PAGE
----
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Afghanistan and Iraq are the main wars of our times, and they are what Wikileaks is currently exposing the U.S. and its allies on. And yet those exposures simply have not had anywhere near the same effect of the equivalent, the Pentagon Papers, 40 years ago.

What the Pentagon, the ruling elite, and the rest of us likely learned or should've learned -- before the weekend Assange incidents -- is pretty unpleasant: that most Americans don't care much (or nearly enough) about the obscene, and brutal to civilians, way the U.S. conducts its wars. I just don't think, after the relative low-keyness of the outrage over the Wikileaks revelations, seeing how little real impact it seemed to have, that the Pentagon and the powers that be in the U.S. worry that with the next slew of revelations 'the U.S. public will get really mad.'

Wikileaks is not a big deal to the powerful. Still, to teach him a lesson I suppose there is some motivation to 'teach Assange a lesson'. Just not a real strong one.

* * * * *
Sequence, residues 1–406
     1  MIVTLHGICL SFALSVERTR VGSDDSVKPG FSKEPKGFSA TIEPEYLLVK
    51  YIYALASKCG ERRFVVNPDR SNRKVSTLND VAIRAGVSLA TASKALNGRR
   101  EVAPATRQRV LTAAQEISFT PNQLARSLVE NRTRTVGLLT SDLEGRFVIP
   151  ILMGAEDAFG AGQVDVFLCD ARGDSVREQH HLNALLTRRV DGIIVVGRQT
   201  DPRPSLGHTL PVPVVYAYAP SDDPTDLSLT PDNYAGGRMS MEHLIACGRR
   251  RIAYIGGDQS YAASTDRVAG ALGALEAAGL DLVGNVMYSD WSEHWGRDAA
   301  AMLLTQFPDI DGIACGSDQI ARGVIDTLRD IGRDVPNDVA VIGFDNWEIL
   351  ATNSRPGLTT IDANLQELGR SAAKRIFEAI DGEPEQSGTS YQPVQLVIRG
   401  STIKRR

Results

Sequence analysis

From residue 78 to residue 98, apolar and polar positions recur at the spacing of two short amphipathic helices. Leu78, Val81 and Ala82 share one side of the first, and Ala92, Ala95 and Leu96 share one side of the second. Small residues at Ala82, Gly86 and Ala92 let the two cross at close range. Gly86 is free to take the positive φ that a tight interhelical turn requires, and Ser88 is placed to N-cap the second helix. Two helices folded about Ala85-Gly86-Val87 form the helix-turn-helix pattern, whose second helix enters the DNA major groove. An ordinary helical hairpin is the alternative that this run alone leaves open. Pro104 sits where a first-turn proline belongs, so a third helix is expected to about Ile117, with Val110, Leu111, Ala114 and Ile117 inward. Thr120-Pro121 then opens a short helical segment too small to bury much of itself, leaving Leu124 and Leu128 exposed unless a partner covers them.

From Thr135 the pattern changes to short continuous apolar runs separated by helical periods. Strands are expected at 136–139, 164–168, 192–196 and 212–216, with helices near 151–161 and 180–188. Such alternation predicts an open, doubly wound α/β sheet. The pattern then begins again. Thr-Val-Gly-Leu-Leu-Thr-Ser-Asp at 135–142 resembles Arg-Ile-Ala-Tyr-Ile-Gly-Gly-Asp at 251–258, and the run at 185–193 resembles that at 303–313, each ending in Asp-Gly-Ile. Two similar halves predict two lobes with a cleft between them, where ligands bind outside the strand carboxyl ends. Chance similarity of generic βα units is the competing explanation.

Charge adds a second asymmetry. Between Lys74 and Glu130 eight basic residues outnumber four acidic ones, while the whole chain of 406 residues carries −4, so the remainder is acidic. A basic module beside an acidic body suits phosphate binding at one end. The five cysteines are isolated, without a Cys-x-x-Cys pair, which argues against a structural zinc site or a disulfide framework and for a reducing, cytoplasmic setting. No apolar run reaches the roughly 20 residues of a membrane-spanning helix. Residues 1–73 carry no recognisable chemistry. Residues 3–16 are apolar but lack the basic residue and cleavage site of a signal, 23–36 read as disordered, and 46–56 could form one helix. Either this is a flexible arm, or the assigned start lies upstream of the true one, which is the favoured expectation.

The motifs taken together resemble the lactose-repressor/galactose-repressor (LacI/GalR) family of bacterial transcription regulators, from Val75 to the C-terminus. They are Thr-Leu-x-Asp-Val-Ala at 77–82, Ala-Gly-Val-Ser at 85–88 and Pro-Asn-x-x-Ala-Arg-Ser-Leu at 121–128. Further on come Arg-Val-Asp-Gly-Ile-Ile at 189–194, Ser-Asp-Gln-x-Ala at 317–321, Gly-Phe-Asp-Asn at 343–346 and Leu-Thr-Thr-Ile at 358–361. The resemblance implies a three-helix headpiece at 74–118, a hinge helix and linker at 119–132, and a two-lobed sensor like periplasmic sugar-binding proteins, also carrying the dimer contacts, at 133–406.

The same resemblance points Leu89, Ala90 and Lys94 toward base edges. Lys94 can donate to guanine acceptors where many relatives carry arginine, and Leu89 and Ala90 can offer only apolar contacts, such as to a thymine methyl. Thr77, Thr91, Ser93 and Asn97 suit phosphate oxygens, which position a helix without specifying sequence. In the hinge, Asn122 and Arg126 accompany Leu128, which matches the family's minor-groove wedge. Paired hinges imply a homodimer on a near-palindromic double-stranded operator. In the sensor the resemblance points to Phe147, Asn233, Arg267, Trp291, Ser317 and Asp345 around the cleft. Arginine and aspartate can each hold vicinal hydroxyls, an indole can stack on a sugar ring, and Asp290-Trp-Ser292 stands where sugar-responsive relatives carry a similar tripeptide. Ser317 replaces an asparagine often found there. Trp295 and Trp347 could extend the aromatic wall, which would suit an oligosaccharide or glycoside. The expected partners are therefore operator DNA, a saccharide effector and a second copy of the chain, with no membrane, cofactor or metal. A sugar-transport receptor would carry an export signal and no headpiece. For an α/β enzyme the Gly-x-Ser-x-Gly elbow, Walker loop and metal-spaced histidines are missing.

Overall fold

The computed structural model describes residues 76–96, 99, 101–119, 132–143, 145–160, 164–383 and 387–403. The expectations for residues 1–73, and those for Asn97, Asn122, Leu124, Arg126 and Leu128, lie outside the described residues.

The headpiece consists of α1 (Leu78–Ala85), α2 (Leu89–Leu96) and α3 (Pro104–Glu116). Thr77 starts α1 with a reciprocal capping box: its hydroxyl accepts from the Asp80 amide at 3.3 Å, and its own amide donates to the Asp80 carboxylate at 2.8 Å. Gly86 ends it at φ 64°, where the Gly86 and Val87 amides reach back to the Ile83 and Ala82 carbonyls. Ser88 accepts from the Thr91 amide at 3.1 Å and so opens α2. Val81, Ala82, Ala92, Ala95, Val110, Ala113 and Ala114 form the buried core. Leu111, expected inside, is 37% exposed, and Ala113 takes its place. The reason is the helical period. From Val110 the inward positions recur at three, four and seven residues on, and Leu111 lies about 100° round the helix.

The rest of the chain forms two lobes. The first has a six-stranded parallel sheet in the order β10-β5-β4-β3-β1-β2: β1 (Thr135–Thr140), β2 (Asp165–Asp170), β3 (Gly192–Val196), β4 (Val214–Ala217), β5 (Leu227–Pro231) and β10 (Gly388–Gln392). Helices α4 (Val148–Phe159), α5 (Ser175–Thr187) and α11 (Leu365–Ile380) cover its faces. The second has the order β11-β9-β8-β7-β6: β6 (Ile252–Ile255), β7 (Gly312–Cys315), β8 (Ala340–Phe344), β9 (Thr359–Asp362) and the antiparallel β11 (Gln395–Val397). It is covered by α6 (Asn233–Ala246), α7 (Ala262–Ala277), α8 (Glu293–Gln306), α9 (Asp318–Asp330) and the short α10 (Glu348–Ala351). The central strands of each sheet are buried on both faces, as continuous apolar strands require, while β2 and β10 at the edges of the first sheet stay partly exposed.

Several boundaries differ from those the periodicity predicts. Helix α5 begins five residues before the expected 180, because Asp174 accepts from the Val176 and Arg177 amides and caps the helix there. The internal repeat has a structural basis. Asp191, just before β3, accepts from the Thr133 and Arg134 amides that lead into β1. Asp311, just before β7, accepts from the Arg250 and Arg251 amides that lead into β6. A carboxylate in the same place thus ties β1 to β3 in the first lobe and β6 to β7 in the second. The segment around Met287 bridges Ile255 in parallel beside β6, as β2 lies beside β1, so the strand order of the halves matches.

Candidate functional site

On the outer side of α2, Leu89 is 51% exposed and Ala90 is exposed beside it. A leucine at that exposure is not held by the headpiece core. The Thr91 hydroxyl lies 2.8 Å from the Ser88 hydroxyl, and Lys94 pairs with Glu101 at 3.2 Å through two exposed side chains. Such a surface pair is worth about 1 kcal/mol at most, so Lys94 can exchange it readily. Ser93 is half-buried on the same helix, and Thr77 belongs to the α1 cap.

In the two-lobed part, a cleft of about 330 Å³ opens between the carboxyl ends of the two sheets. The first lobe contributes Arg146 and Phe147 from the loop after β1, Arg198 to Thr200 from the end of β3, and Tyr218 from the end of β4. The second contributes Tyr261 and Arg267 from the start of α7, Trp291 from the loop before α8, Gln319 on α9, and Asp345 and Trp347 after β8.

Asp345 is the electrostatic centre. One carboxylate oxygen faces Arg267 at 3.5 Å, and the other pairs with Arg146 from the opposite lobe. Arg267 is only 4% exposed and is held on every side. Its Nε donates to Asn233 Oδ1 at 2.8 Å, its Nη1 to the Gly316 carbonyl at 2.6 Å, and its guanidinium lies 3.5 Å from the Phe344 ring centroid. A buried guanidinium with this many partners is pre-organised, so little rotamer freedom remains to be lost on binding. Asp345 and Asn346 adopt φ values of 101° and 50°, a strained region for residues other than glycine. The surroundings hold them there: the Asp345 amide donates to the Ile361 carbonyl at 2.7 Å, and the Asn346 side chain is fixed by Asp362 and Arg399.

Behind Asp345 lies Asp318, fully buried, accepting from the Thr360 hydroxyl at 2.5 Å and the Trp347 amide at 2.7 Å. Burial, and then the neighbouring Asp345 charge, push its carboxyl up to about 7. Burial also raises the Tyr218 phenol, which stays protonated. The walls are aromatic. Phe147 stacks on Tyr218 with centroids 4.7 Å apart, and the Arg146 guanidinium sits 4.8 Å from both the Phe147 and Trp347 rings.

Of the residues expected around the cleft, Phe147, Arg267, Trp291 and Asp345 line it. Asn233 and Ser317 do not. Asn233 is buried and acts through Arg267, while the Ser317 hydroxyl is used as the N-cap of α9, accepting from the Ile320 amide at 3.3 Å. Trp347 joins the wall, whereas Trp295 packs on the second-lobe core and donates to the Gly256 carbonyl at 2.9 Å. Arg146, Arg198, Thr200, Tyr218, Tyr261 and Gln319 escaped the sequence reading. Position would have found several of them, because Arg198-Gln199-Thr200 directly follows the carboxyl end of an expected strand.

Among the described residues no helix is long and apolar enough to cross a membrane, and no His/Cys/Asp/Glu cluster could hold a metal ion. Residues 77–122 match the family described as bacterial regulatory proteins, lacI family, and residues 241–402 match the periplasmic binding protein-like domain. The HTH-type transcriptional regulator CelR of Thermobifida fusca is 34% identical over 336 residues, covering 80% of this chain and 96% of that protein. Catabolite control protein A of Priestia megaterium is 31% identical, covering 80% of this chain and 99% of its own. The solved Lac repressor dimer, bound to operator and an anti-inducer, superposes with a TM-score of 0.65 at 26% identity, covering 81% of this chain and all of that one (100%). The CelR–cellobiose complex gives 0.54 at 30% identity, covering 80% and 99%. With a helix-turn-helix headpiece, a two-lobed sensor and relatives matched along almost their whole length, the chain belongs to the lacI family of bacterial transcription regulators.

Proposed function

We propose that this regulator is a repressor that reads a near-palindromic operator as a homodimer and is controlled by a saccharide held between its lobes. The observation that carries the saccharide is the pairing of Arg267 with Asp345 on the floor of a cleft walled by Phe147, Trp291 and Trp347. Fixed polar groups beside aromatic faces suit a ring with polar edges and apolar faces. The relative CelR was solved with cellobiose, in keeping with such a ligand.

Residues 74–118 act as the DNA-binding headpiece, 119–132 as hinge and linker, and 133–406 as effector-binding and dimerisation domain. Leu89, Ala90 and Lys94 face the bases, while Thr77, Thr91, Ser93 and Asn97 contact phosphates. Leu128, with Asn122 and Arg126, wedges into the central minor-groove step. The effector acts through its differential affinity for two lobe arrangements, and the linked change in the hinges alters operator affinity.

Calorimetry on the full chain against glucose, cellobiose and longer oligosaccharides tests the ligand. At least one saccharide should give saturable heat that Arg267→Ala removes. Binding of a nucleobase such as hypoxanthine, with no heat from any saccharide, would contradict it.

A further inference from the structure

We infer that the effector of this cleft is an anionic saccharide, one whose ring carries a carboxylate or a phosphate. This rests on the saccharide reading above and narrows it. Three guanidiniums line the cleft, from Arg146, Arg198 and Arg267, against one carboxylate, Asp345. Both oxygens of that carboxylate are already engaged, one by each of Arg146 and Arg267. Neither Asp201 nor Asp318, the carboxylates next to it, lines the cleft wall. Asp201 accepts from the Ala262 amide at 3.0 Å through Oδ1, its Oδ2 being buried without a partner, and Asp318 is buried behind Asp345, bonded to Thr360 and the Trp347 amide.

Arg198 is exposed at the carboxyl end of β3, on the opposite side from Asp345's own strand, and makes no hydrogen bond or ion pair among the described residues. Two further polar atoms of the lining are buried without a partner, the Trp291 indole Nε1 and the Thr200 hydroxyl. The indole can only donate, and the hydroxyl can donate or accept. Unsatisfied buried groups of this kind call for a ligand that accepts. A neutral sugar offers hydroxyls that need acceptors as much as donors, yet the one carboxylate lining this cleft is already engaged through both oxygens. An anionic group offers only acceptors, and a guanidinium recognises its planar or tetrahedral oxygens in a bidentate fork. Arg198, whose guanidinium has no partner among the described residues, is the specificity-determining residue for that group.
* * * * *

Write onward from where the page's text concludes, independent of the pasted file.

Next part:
fairleft

by fairleft (fairleftatyahoodotcom) on Tue Aug 24th, 2010 at 11:33:34 PM EST
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Oh, I'm sure he has more interesting things to reveal than a few tedious old war atrocities that no one serious cares about.

The next doc dump, due imminently, is going to concentrate on the CIA.

Meanwhile trust in justice is at such a low ebb now that the Swedish case seems to have convinced almost everyone of Assange's honesty and credibility.

by ThatBritGuy (thatbritguy (at) googlemail.com) on Wed Aug 25th, 2010 at 12:36:17 AM EST
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It's not "he" it's Wikileaks.

fairleft
by fairleft (fairleftatyahoodotcom) on Wed Aug 25th, 2010 at 12:24:06 PM EST
[ Parent ]

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